Happy Birthday, Anatoly Karpov | ChessBase


Karpov at 70

While some people retire at 65, former world chess champion Anatoly Karpov is still going strong. He turns 70 on May 23. A three-volume retrospective of his life and career has just been published.

Anatoly Karpov and FIDE President Arkady Dvorkovich present Karpov’s biography | Photo: FIDE

From May 31 to June 1, 2021, Karpov will be giving a simultaneous (simul) chess exhibition at the Karpov Children’s Cup. Apparently, even the pandemic hasn’t slowed Karpov down. As reported on ChessBase, Karpov also gave a simulation on August 21, 2020.

Three teenagers

In 1994, three of my private chess students played Karpov in a sim. These adolescents are now adults. Dr. Heather Flewelling is an astrophysicist. John Hendrick is a chess teacher, rated 2180 in the American Chess Federation system, who swears to soon become a National Master (2200 or higher). I wrote about Flewelling and Hendrick in this article. Hendrick is an online chess teacher for Grant Sitta’s daughter. Sitta is now a lawyer working in the Patent Office. Although only Hendrick made a career in chess, all three have fond memories of Karpov’s visit to Austin, Texas.

Feast

Prior to the sim, Flewelling attended a banquet that included Grandmaster Ron Henley (Karpov’s second in command), Karpov, and his parents. Her mother, Judy, is a longtime friend of Henley’s and her father, Mike, is a chess expert. Flewelling had taken a Russian course and had spoken briefly in Russian to Karpov.

Like the sim, the banquet on June 24, 1994 was part of the Lions Club’s fundraising efforts, with a special cause being a girl’s heart transplant in Moscow. The banquet included a barbecue buffet of Mesquite smoked chicken and Angus beef brisket, along with cobbler desserts of Fredericksburg peaches and Bluebell ice cream. The Austin Lions Club and the Moscow Arbat Lions Club (where Karpov was president-elect) shared the proceeds for the banquet and the simulation. According to then-Texas Chess Association president Michael Simpson, writing in the September-October 1994 issue of Texas knights, the simulation could have sold more boards at $ 1,000 each if there had been more than five weeks’ notice of the exact date of the simulation.

Contacted via Facebook on April 27, 2021, Henley recalled:

“I think this might have just been Karpov’s second trip to our great state of Texas! (When he was young he was tied for first place in the famous San Antonio Church Fried Chicken Tournament. in 1972.) The organizers were wonderful and very hospitable. I believe they even made him an honorary brother of the Lions Club. They also gave him a Texas Ten Gallon Stetson hat! On the day off we did a good barbecue by the pool, and my good friend Principal Petty Officer Joseph Mark Bradford came over and we have blitz games with Karpov. “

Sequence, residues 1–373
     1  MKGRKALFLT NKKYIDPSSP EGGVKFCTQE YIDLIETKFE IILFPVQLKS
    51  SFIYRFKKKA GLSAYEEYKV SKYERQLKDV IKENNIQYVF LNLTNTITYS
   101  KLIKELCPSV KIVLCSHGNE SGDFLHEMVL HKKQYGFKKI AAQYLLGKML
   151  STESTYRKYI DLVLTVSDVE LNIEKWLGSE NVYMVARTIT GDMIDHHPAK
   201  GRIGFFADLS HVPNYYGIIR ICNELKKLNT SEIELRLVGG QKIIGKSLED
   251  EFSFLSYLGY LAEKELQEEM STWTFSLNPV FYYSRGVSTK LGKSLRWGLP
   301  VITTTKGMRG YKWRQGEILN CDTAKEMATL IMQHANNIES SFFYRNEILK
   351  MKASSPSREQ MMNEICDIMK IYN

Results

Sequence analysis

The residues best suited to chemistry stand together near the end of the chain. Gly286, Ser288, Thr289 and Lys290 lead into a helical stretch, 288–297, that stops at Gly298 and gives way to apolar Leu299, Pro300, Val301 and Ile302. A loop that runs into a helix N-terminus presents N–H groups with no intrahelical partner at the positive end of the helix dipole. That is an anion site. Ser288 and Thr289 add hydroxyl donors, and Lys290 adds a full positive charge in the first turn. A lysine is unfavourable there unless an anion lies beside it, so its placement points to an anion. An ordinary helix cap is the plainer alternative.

The simul

On June 25, 1994, fifteen young people and eight adults faced off against Karpov, then FIDE World Chess Champion. Garry Kasparov and Nigel Short had played for the Professional Chess Association (PCA) World Championship, with Kasparov becoming the PCA World Champion. In the pre-simulation talk, at the start of this YouTube video, Karpov answered questions on several topics, including the division of the world championship, the role of computers, and his chess heroes.

The venue for the banquet and simulation was The Terrace, formerly the Austin Opera House. One adult, National Petty Officer Jim Gallagher, won a draw. Gallagher, who died in 2004, was 37 when he drew Karpov. He paid $ 400 to play; the original asking price of $ 1,000 was met on a single plank. Gallagher told a reporter: “It was exciting, even for a tough, tough old chess player like myself …. To be honest with you, he’s great. He’s pretty much flawless.”

Texas Middle School champion Sitta also drew and then had his game analyzed on a demo board by Henley and international master Doug Root. This scan begins 57 minutes from the YouTube video. You can see me (Alexey Root) and my daughter (Clarissa) hanging around the edges of the demo board.

Karpov, chess idol

In 1994, at age 15, Flewelling wrote: “Personally, I’m glad I lost. If I had drawn it would have been different. What would you do if you had DRAWN your idol and also the chess champion FIDE ? “

In April 2021, Hendrick recalled his thoughts on the 1994 simulation:

“I was extremely excited to play Anatoly Karpov. It was a charity simulation. My father was unable to donate the required $ 500. However, the organizers were kind and let me play in the simulation at the last minute for a donation of $ 100. I was happy to see Karpov, but I couldn’t believe I was going to play him too! “

Anatoly Karpov vs. John Hendrick | Courtesy of John Hendrick

Game Score Sheet | Courtesy of John Hendrick

In April 2021, Sitta sent an email:

“Karpov has had such a positive effect on my life, and I was very proud to have drawn the simulation game against him. In my applications to university and law school, I included that I drew Karpov in a simulation. I think it changed the course of my life.. I wish him a happy birthday! “

Games

A. Karpov – Sitta

The annotations for the game Karpov – Sitta are based on the 1994 post-match analysis by Ron Henley and Doug Root, available unpublished at approximately 57 minutes in this YouTube video. This analysis was also mentioned in a Texas knights article, September-October 1994, by Richard Strauss.

A. Karpov – J. Hendrick

In 2021, John Hendrick analyzed his 1994 game with Karpov in a YouTube video.

A. Karpov – Flewelling

The Karpov – Flewelling game has not been annotated.

Connections


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